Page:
I was watching an old film over the weekend, Captain Horatio Hornblower, (imdb link) and at the start of the film with the credits rolling and the images of a beautiful 1800 warship being shown I noticed something strange.
The main credits were of the Main Actor, Gregory Peck, and the stunning Virginia Mayo in massive letters, then followed a couple of names followed by 1 sound person and then the composer and finally the director, Raoul Walsh.What, I thought, no mention of the producers and executive producers. At the end of the film the producers were mentioned but not in glittering lights or anything, just as people working on the films.
Well then, what has changed the industry to having the producers at the top of the billing (example here) as we currently seem to indulge in, is the work of a producer far far more important to our enjoyment of a film than the director? (another example here)
Hang on a minute, why do we feel that the people in charge of the money have anything to do with the quality of the product? Next time you go to the cinema I bet you won’t see the directors name until the assistant non-executive director’s dog has been accredited with the making of the film.
We are bombarded with adverts “from the producers of xyz film“, but not the director? But the director surely is in charge of the artistic vision of the film, that’s their job.
Happily this is not the same in theatre-land – we value the work of the director as being the major contributor to the success of the show, not the producer.
Although the producer does a very important job, well they pay my wages and give me a production budget to spend, amongst other things, but they don’t have an artistic input in the rehearsal room.
I can’t imagine what artistic input a producer could have on a theatre show … hmm maybe they decide on the actors expressions, no that’s the director’s job, hmm maybe they decide the lighting of a scene, no that’s the director’s job, hmm maybe they decide on the make-up design of the baddie, no wait that’s the director’s responsibility.
It’s like your wallet deciding what you want for lunch, and not your brain. Yes, you may get a lunch that is cheap and filling but your wallet will never let you eat anywhere nice. And you then don’t go bragging to your friends that you took your hot date to a cheap lunch at a greasy-joe cafe do you, you tell them about the amazing restaurant that your brain chose instead. Unless you are a scaffolder where there is street cred in eating like an animal.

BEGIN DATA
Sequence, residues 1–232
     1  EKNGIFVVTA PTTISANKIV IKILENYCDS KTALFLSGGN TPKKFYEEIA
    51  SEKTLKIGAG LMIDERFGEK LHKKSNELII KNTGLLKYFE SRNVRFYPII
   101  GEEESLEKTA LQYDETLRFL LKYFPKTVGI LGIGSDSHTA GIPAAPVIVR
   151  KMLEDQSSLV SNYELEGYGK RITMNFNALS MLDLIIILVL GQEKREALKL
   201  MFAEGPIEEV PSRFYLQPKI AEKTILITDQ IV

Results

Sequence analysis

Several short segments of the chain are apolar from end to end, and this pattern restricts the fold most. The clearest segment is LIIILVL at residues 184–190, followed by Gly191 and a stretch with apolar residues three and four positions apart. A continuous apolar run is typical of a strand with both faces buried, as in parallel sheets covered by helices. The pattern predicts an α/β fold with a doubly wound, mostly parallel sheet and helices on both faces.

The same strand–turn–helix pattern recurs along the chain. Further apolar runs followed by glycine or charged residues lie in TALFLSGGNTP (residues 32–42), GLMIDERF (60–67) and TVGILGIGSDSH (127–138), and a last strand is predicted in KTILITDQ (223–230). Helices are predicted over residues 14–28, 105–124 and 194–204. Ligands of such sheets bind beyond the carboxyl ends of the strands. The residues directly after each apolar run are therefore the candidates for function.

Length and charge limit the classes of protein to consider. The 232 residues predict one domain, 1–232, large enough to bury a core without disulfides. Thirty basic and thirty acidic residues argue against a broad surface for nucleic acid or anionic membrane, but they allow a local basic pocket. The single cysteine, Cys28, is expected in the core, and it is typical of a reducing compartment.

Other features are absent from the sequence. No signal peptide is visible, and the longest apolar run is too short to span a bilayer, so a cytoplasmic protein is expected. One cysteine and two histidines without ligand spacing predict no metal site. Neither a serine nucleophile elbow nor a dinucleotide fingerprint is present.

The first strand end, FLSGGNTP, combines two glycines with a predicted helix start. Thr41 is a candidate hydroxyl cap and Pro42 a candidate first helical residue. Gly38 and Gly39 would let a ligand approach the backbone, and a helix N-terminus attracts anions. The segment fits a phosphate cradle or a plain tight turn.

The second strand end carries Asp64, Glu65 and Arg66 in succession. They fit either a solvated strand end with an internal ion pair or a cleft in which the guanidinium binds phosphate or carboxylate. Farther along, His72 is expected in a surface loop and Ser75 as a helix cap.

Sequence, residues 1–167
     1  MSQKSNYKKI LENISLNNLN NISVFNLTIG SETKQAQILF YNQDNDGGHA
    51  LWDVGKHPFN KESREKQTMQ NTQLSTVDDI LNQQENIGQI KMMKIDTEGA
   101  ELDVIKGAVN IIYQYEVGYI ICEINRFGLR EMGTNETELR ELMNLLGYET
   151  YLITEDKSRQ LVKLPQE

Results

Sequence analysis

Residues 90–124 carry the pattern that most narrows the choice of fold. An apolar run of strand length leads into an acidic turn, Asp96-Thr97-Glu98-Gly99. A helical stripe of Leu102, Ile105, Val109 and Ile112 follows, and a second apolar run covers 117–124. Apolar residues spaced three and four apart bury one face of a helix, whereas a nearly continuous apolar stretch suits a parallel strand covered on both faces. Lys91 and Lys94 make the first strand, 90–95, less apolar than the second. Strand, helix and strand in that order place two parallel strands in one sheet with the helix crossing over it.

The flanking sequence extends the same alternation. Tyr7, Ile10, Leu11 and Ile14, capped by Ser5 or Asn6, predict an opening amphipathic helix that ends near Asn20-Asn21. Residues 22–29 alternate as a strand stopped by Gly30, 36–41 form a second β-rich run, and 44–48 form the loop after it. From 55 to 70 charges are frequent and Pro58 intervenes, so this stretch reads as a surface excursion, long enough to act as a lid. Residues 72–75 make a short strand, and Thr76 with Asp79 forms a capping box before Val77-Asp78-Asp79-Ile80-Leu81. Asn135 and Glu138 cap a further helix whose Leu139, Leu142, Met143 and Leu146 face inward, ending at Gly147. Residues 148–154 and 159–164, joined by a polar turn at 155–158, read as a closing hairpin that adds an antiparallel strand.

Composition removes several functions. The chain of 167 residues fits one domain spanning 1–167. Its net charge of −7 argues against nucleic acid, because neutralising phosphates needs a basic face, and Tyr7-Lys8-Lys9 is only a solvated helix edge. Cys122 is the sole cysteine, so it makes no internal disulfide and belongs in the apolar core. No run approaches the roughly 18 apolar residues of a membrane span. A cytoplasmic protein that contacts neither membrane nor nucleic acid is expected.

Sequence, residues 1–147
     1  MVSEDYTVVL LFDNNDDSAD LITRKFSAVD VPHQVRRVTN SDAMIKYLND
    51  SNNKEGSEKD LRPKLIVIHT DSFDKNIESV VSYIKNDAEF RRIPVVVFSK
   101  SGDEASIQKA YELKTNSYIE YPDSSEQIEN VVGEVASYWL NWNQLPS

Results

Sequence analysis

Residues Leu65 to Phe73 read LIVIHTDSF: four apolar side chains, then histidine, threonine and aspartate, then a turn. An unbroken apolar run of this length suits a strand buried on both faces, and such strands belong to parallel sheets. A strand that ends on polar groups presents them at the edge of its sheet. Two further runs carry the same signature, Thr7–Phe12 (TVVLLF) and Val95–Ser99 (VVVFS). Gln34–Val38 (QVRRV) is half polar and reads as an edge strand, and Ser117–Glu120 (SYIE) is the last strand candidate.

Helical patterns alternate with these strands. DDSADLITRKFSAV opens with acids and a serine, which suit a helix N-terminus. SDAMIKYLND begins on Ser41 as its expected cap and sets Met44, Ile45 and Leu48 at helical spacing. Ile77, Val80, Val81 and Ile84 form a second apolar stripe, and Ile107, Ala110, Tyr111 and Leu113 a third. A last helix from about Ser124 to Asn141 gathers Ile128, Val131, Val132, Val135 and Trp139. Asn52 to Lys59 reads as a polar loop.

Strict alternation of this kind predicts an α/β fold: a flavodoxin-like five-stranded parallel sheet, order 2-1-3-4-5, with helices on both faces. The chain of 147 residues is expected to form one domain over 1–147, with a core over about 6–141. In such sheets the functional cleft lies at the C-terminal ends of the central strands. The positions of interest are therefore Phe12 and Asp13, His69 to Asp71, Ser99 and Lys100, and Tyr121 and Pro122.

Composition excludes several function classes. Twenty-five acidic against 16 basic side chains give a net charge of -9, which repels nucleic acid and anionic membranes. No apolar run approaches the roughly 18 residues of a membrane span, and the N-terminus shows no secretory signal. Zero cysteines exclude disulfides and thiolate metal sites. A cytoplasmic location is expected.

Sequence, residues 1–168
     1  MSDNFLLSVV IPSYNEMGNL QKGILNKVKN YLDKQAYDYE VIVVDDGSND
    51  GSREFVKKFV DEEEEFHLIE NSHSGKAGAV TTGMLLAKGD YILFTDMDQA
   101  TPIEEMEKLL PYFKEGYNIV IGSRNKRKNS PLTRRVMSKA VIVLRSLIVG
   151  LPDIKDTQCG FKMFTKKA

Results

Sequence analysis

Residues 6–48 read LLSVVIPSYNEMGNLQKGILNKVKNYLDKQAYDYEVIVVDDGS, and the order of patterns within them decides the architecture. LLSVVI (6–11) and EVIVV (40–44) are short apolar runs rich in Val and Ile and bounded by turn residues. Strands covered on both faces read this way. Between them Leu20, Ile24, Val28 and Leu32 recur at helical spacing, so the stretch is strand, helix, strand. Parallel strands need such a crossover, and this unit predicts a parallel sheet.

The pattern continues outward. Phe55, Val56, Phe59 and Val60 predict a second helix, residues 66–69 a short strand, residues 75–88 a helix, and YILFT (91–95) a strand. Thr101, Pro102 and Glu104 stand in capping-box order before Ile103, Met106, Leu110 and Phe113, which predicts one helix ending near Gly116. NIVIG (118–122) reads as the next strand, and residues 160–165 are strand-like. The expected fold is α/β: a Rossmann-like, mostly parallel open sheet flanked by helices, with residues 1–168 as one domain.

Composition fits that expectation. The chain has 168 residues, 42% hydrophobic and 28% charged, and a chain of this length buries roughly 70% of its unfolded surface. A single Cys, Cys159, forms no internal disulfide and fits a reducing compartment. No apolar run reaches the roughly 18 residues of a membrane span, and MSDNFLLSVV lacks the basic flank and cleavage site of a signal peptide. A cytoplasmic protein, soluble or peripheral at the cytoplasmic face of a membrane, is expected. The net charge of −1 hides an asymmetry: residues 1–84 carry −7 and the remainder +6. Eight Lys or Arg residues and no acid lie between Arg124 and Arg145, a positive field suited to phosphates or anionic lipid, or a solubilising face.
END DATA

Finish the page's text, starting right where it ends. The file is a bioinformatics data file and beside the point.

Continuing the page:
Whilst at the RSC two people came up to me and personally thanked me for helping for all my hard work making their show special (I highlight the word ‘their’). When they left I had to ask who they were and was told they were the producers! I had never seen them before, they were never in rehearsals but they got a billing higher than me!
However, money does make the film, without the money a top notch director would not be employed, the amazing actor with the whitest of teeth, while playing someone in a post nuclear age, wouldn’t work. Speaking of which, did you notice how all the actors in Les Mis the panto film had perfect teeth and nails, odd for a country that even now doesn’t use soap or has heard of fluoride?
So perhaps we need these producers so much that we allow them to bombard us with their ego film credits, there have been a few films I have been to that probably were made by the producer and not a director, they were that bad. Perhaps they feel if they over-hype an actor then that actor would demand more money or move to a different studio taking the film’s reputation with them.
I am not sure whether this is a good thing for theatre, it sure is a bad thing for film.
At Spotlites though we are a bit special, our director is also our producer, which means we get the best of both worlds and our shows are never compromised by decisions from one camp. Also our producer buys us pizza if we work hard!